Finally, and this is perhaps the most important thing bloggers and radio jockeys have in common, we are both actively trying to engage our audience. Radio jockeys do it with phone-ins, contests, etc. Bloggers do it by asking questions and engaging readers through comments. That bond with your audience is what makes both a great radio personality AND a great blogger. Remember that the next time you listen to your morning radio show!

Monday, August 25, 2008

Facebook Hotties as a business training tool?

OK, I admit it. I don’t use Facebook only for business/networking purposes. I do play the occasional game. As a matter of fact, I have become fascinated by one of the applications available on Facebook called You’re a Hottie, and so should you!

Basically, you buy and sell hotties (other Facebook users) to make money and increase your Net Worth. It is quite addictive in itself but it has more to it than meets the eye.

In order to be successful, you need to be able to recognize a “good deal”, a hottie whose value you can increase and sell back at a profit. This means you have to understand the Hotties market, pick-up on buying and selling trends, and know when to buy and when to sell. You can check to see recent trades on any hottie of interest to help you decide if this hottie is indeed a hot property or simply overinflated.

You can increase your hotties value by petting them (groan) once every 24 hours, or by placing them in a manor. Manors increase the value of your hotties quickly but you have to buy the manors and incur maintenance fees that cut into your cash flow. But before you crank up the value of your hotties, you need to understand offer and demand for the Hotties market.

You have to judge how much you can increase the value of a particular hottie so that he/she will sell well on the market. If you don’t increase the value enough, you will make only a meagre profit on your investment. On the flip side, increase the value too much and the hottie in question could become unsellable, too expensive for the market. Another wrinkle - since the pictures are pulled from the user’s profiles, they change when the user changes his/her main picture. This means you also have to decide whether this picture is likely to stay for a while or change often. That hottie in a bikini could quickly become a shot of a baby, or of the family pet. All this to say that you are going to need to develop a buying/selling strategy, test it out, and make adjustments accordingly.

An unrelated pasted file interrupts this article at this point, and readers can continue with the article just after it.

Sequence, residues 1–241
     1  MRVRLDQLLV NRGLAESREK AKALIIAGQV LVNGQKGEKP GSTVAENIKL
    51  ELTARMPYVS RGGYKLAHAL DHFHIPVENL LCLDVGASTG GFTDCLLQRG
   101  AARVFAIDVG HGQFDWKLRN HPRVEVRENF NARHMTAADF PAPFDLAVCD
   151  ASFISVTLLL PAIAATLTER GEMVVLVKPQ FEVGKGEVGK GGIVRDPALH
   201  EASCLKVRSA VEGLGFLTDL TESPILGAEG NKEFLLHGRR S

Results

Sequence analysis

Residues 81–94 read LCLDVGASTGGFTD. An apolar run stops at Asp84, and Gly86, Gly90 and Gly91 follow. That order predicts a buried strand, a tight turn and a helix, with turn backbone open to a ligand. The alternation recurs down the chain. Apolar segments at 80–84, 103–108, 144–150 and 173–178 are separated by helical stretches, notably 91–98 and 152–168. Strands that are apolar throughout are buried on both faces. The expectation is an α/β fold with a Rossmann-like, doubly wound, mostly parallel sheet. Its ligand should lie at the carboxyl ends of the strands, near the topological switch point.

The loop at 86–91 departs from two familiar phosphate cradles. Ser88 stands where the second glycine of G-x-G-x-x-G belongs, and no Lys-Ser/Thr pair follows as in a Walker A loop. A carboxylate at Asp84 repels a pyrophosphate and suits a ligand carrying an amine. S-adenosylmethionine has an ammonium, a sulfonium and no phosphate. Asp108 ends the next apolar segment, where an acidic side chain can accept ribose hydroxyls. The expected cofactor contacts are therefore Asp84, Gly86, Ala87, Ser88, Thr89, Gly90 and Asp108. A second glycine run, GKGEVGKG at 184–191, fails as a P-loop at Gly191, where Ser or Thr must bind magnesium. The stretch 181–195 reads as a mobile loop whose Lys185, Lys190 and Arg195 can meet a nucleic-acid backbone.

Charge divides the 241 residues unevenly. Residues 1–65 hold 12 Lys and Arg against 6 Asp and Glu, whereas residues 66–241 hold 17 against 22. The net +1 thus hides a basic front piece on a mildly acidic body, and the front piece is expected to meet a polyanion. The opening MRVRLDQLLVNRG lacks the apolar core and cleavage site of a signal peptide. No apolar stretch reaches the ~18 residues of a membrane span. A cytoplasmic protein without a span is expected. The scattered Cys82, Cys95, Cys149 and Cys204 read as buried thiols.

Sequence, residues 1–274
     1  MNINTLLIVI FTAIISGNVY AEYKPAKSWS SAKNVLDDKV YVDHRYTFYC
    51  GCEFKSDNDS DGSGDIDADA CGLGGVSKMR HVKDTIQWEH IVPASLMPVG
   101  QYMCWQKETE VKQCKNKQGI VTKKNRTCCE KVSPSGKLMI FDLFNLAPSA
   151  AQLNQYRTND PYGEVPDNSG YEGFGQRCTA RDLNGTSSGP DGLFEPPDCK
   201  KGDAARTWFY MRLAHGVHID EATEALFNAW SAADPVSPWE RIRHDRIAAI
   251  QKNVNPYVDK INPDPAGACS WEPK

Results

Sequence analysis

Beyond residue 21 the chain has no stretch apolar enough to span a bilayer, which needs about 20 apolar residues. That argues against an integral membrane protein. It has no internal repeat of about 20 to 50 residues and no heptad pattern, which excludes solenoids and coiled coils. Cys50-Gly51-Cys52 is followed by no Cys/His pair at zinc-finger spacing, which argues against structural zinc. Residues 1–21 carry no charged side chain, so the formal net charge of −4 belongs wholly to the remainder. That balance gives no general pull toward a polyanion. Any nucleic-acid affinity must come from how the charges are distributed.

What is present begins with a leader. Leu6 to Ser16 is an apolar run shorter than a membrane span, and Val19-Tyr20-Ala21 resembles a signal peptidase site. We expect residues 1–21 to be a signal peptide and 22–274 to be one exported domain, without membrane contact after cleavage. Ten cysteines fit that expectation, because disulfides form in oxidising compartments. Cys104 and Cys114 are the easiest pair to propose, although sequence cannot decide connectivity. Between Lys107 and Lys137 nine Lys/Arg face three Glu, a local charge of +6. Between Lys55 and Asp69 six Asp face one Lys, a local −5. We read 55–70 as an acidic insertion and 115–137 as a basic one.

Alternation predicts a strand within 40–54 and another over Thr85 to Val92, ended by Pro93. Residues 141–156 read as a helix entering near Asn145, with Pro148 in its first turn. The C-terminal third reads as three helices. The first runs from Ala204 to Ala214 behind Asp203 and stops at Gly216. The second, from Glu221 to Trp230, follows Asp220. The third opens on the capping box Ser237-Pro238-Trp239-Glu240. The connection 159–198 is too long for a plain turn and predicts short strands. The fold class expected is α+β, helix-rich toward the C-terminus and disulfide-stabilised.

Marketing is very limited. You can offer your hotties for sale to other owners using a button and then, only once a day. You can also give them a nickname which basically provides you a space to put teaser text so others will want to buy your hottie. Since you only have about 12 characters of space, you need to write killer short copy. This alone is great business practice!

Is this application going to turn you into a cutting edge business man/woman? No. But it is a great mental exercise that will help keep you sharp and hone your business acumen. It will also help put you in the right state of mind. Opportunities come our way regularly - the trick is in recognizing those opportunities and seizing them when they present themselves. And that is how play becomes pay!

Tip: When considering buying a hottie, check to see if the present owner has bought this hottie more than once recently. This might mean he/she is emotionally attached to the hottie and will buy him/her back from you (a quick profit for you) if you buy the hottie from them. (Do check if they have sufficient funds to buy the hottie back though!)

Sunday, August 24, 2008

The Girl on the corner

In an age of rush-rush, digital media, reality tv (that’s never quite as real as they would have us believe) and get-the-most-bang-for-your-buck philosophy, the little things are often set aside in lieu of the “bigger picture”, little things like a friendly smile handed out with the morning paper.